The Female Breadwinner Conundrum

The Female Breadwinner Conundrum

Most women don't want to be the family breadwinner, but new research finds they're happy with just about any arrangement if they're married.
Joy Pullmann
By

My husband has so far been man enough to let me be the sole family breadwinner at different points in our marriage. So far, I have not been woman enough to let him say the same. While I admire his humility and very dedicated attempts to be Mr. Mom, through trying just about every constellation of work-family arrangements to keep the kids cared for with our own hands and food on the table we have both come to agree that everyone is happier when mom is not full-time.

A new global study finds that our family preferences, however, do not necessarily translate to a general rule for everyone. On average, there seems to be no increase in happiness either when both mom and dad work full-time or when dad works full-time and mom stays entirely home.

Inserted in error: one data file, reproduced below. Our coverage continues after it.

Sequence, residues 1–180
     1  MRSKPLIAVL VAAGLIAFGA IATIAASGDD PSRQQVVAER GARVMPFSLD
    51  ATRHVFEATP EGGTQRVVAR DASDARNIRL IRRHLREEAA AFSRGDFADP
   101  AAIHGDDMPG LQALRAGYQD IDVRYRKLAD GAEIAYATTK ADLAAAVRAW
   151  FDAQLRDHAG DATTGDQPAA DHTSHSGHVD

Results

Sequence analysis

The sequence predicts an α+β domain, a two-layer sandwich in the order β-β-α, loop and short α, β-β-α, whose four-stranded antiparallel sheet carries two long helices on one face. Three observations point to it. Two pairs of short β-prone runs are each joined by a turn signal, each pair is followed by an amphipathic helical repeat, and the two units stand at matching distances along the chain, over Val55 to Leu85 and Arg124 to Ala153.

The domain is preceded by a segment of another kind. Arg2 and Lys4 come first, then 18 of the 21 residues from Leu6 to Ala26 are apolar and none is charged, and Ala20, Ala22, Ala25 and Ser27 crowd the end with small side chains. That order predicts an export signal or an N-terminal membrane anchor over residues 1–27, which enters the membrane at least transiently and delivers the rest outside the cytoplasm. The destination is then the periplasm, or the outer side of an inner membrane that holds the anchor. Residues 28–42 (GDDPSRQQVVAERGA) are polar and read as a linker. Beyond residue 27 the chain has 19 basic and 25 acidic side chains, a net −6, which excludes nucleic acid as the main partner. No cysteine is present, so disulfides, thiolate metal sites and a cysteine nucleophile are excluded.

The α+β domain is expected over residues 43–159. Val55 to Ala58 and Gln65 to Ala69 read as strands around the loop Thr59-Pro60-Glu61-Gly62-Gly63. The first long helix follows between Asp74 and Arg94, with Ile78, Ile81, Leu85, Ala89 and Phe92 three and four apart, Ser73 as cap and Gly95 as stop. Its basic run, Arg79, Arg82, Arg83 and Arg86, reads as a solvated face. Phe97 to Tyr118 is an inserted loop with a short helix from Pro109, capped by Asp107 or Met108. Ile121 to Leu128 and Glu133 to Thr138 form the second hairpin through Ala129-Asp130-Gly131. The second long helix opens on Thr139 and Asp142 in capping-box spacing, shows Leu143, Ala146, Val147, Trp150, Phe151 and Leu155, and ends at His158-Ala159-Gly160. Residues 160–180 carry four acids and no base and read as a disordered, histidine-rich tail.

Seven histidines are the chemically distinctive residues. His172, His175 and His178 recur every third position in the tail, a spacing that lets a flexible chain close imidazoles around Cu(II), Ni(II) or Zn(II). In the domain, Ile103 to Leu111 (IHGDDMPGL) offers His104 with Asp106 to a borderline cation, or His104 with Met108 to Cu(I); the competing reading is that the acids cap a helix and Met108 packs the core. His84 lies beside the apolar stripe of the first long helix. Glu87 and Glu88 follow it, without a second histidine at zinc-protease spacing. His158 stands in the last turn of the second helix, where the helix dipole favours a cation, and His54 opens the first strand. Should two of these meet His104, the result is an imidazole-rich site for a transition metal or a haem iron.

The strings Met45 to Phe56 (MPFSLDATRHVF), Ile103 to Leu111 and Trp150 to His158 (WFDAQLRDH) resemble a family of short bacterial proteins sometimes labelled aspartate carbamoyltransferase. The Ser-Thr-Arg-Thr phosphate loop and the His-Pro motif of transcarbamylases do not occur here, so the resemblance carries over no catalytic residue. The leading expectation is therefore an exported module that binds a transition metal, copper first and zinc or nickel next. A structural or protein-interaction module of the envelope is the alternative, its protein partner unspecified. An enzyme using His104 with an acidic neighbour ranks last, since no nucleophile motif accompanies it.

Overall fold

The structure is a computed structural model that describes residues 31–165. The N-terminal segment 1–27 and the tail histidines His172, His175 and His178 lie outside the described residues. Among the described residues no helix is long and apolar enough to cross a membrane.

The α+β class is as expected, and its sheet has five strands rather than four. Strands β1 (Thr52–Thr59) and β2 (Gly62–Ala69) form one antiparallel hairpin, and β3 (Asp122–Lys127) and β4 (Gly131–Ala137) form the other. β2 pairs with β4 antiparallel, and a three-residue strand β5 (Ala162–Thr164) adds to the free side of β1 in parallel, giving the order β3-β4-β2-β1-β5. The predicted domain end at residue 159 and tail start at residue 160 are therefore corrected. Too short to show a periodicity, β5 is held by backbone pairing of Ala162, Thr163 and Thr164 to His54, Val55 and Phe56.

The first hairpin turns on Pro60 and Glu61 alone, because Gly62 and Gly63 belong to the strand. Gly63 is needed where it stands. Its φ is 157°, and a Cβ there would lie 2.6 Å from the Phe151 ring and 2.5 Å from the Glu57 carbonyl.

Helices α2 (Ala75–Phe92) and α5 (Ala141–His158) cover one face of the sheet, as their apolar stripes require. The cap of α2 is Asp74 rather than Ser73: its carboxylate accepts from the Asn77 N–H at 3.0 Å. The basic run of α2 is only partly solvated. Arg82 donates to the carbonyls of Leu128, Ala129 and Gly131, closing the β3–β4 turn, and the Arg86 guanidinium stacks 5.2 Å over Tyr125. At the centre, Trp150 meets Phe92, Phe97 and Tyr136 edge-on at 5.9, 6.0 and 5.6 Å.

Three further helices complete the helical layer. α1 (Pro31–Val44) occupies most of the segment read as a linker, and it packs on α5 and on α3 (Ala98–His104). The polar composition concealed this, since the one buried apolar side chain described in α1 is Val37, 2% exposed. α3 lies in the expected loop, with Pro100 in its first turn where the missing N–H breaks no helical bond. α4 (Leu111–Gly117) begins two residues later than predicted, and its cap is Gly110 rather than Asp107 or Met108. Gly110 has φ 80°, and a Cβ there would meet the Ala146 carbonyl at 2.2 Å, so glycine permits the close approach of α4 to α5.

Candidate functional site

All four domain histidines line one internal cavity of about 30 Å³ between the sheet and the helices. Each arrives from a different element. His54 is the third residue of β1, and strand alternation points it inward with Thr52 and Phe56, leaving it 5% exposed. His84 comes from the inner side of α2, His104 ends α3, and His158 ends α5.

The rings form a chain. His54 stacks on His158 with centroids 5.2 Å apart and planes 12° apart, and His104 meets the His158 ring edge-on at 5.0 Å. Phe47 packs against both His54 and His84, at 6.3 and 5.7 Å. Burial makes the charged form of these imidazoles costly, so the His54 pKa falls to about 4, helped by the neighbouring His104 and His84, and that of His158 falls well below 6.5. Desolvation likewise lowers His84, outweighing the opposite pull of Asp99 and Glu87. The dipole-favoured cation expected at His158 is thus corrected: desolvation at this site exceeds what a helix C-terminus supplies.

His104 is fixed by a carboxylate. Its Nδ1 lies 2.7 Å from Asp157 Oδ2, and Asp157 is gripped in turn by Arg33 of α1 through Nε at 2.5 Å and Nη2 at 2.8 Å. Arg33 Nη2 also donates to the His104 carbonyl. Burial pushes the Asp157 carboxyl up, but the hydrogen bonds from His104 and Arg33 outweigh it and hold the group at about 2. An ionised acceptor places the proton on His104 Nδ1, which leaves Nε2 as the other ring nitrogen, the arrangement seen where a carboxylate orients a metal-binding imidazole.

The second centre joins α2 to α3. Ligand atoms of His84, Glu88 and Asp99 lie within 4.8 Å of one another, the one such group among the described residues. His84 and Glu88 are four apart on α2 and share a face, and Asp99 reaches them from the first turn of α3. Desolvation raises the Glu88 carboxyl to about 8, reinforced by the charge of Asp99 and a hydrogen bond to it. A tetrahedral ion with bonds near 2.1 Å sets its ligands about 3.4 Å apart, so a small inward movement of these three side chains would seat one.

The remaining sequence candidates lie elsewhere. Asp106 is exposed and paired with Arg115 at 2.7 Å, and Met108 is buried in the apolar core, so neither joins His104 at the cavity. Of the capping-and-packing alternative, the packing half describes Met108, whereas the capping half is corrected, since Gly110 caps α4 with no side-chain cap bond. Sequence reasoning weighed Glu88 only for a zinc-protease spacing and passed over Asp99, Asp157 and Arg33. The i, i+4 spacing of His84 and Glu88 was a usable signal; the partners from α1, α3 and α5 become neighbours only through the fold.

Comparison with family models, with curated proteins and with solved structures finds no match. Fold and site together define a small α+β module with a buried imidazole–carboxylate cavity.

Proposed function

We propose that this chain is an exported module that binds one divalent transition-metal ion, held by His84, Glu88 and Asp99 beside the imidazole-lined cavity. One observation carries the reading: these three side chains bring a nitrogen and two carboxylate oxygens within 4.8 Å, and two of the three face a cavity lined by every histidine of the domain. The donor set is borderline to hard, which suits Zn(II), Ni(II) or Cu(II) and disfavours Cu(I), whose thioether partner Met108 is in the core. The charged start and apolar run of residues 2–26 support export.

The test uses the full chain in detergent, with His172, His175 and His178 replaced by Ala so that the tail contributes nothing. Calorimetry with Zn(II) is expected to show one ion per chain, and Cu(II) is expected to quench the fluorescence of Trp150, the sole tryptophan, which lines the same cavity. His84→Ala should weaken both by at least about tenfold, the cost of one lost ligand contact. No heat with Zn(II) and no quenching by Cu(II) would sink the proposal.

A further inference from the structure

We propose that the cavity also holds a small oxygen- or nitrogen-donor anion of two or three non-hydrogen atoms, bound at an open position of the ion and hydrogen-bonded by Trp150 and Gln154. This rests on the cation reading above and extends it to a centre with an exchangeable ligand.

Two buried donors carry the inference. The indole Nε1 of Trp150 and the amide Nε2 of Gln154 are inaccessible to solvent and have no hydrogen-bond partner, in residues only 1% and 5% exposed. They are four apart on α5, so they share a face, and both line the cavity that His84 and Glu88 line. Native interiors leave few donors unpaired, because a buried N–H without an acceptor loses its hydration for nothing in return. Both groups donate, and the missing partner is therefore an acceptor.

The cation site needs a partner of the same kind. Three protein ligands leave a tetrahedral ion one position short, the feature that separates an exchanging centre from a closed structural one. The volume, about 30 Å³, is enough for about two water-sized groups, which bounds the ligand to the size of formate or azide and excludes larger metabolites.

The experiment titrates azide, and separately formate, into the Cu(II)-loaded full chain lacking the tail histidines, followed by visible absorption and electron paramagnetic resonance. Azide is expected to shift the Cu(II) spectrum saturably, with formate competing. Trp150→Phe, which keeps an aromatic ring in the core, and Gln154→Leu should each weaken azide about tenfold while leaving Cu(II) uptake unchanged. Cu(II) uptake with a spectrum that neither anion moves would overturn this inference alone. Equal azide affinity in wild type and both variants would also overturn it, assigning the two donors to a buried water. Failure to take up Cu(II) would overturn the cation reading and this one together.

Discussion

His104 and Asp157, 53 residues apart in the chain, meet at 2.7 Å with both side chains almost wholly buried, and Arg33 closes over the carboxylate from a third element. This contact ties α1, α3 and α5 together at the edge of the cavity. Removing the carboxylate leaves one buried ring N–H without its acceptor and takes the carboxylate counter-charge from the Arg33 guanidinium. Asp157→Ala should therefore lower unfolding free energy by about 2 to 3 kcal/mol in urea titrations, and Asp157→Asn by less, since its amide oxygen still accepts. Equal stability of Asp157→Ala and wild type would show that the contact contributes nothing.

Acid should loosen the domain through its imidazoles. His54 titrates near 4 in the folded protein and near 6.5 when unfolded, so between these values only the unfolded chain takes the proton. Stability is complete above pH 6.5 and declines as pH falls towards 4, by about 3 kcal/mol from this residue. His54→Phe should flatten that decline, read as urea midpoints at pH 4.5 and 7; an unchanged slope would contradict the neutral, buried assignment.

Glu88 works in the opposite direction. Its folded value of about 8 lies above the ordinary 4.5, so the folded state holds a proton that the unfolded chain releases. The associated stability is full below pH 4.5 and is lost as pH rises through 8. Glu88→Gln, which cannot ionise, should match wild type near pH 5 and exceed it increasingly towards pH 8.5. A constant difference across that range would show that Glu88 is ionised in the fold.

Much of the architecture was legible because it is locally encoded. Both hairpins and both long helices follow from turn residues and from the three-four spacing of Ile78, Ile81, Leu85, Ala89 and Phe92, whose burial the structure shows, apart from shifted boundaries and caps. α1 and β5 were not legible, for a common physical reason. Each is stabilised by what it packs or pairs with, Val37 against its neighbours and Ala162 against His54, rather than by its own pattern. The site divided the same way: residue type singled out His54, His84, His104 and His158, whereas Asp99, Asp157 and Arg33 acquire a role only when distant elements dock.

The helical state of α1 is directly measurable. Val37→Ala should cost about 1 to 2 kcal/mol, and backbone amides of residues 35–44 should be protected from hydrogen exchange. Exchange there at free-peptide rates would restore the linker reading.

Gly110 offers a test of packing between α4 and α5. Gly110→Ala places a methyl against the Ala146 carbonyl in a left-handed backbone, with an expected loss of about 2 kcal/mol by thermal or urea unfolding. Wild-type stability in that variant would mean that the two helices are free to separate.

How couples with children divide paid and domestic work is not closely related to their levels of happiness. Instead, having a partner to divide work with is more strongly linked to parents’ happiness than how that work is divided. Men and women are equally satisfied with arrangements that overtax themselves as with those that overtax their partners (except in Western Europe). Couples are also no happier with more egalitarian arrangements than with unequal ones. Modern couples typically share equal responsibilities in the public and private spheres, traditional couples specialize, and yet they are equally happy almost everywhere.

In other words, one particular set of work arrangements is not ideal for everyone. But one particular life arrangement does tend to make people more happy: that’s being married. The “Lean In” crowd and full-time housewives, however, can put down their grass-is-greener resentment and defensive comments about other women’s work choices and celebrate individual liberty together.